The scariest looking mini ever.
I brought both horses into the arena, off-loaded Spud, untacked him and turned him loose. Annie stood, tied to an arena post while I moved the jump set up around and lined up some trot poles.

At long last, I threw her bridle on and was able to swing a leg over. We had a really good warm up - she was not argumentative in the least and seemed happy to go straight to work. After a series of walk-halts and a few TOH's, we went into some walk-trot transitions, as well as a few trot serpentines like we had done at the Anthony clinic. I remembered to not ride her into the rail, worked on preparing her ahead of time, and it went really well. She didn't resist to my aids like she had at the clinic and seemed happy to be notified of changes ahead of time (whodathunk?!). We did a quick canter in either direction, working hard on having her come back to an active trot.

A few loops down towards the jumps to run through the trot poles and I hopped off to raise the one jump to a large X and the other to a vertical. I mostly concentrated on the X, but had to get off again after I realized I had placed the jump much too close to the arena fencing and it made it difficult for Annie to gather herself in two strides and turn right after. And since my intention was not roll-backs, I moved the jump another two strides back.

The X was initially more to the right, where the empty set of standards
are set up.
Overall, it was a really productive school. I was able to make some executive decisions as a rider, understand how Annie would respond, and how it impacted the fence overall. There were a few times I sat to the fence, realized it would be a gnarly chip and just sat there... and there were other times I held or pushed for the distance. And it worked out really well.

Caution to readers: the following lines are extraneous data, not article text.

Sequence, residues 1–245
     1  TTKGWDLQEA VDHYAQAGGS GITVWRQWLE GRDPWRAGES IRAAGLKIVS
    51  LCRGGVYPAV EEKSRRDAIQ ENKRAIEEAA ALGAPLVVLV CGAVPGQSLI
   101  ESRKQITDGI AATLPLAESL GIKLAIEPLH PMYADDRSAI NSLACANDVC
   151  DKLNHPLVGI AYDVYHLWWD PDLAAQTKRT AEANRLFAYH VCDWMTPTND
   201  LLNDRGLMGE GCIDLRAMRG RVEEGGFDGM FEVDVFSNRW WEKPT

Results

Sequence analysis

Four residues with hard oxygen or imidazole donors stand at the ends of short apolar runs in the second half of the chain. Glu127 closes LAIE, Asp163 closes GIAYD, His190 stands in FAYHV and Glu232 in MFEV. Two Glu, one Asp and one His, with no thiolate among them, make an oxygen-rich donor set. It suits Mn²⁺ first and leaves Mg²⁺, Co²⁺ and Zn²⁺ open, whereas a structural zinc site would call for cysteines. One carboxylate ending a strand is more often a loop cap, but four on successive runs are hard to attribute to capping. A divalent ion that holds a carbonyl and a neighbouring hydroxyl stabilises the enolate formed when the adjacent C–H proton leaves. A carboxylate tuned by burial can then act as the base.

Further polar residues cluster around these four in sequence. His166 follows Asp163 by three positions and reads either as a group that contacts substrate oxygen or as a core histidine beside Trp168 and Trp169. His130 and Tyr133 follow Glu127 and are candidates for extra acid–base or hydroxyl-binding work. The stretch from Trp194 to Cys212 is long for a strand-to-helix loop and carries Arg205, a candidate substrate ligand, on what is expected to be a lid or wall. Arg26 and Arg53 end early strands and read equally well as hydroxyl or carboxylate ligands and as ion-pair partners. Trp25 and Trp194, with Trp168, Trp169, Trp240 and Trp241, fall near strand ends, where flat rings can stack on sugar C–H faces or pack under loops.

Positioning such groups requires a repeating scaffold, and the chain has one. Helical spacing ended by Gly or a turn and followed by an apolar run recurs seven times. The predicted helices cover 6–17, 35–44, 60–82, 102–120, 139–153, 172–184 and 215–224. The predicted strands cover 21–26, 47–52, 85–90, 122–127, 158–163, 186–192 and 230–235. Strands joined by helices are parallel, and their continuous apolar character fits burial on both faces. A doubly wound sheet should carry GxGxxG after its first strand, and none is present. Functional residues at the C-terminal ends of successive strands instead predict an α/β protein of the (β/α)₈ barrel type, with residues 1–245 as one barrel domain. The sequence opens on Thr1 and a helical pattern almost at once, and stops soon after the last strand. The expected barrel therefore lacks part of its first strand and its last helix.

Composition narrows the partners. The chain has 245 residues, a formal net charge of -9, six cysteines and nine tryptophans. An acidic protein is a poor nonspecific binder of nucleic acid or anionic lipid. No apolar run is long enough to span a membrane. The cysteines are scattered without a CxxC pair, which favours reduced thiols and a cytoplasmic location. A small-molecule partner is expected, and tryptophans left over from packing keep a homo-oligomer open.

Annie was just bounding over the jumps regardless of my mistakes and it gave me a really great opportunity to fiddle around and make adjustments. In a lesson setting, I get nervous and don't want to make mistakes so my go-to is to either under-ride or over-ride. In this setting, I was able to process the information and figure out what kind of canter I needed and when I needed to ask for more gas (or brakes).

We did pop over the vertical, which made me pee my pants a little. Annie was great and just hopped over, but also knocked it slightly and the pole clattered to the ground. And me, being the lazy rider I am, refused to hop off again to reset it. So, there it lay.

We played around with the X in both directions and finished off after a particularly nice distance and jump. It wasn't a long ride, but it was quite productive. And unfortunately, the arena was a bit gunky from the previous day's rain so I didn't want to overdo it either. It worked out tho, because Annie was keen to be done. After I walked her out a bit, I stripped her tack and set her loose to roll in the arena sand (her favorite).

Unfortunately for me, the work was just beginning. I decided to use Spud's cart again (sans Spud) and loaded all the jump gear into it. Which was fine, until I tried to move it through the wet, thick sand. Yah, not so great.

I managed to get it done after sweating, cursing, and wondering why in the heck I was doing all this work. I got the jumps back into their container tho, and felt accomplished until I turned around and realized I still had to load the horses, their tack, and Spud's cart.

I got it done tho, and man was I happy to get home and shower, haha! It was a long afternoon, but I felt pretty damn accomplished.

That badonkadonk.
The next day however, I was not feeling as keen and gung-ho as I had the day previous and opted to get Spud out for a distance drive solo-style. He did really well, although the drifting to the left and the hanging on the right rein was much more evident. I did some work on correcting that, and we did quite a few series of long-trots through the subdivision. Overall, it was a pleasant drive and Annie didn't seem to mind being left at home.